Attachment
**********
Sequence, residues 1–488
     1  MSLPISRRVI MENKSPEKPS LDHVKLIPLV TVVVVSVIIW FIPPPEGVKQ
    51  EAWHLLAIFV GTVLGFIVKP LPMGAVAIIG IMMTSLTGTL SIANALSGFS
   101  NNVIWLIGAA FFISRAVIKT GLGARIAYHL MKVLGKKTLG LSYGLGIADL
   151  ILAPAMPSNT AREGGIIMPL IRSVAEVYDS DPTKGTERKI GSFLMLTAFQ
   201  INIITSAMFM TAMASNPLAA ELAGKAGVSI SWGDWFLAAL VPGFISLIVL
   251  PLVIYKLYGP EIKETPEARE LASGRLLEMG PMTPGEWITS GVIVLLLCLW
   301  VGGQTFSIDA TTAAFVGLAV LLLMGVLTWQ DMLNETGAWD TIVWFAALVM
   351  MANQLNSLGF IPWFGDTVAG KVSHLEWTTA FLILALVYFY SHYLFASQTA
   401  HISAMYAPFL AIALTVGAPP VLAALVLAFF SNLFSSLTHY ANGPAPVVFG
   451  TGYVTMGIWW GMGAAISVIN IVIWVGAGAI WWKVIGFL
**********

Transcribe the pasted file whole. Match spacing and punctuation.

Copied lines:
Sequence, residues 1–488
     1  MSLPISRRVI MENKSPEKPS LDHVKLIPLV TVVVVSVIIW FIPPPEGVKQ
    51  EAWHLLAIFV GTVLGFIVKP LPMGAVAIIG IMMTSLTGTL SIANALSGFS
   101  NNVIWLIGAA FFISRAVIKT GLGARIAYHL MKVLGKKTLG LSYGLGIADL
   151  ILAPAMPSNT AREGGIIMPL IRSVAEVYDS DPTKGTERKI GSFLMLTAFQ
   201  INIITSAMFM TAMASNPLAA ELAGKAGVSI SWGDWFLAAL VPGFISLIVL
   251  PLVIYKLYGP EIKETPEARE LASGRLLEMG PMTPGEWITS GVIVLLLCLW
   301  VGGQTFSIDA TTAAFVGLAV LLLMGVLTWQ DMLNETGAWD TIVWFAALVM
   351  MANQLNSLGF IPWFGDTVAG KVSHLEWTTA FLILALVYFY SHYLFASQTA
   401  HISAMYAPFL AIALTVGAPP VLAALVLAFF SNLFSSLTHY ANGPAPVVFG
   451  TGYVTMGIWW GMGAAISVIN IVIWVGAGAI WWKVIGFL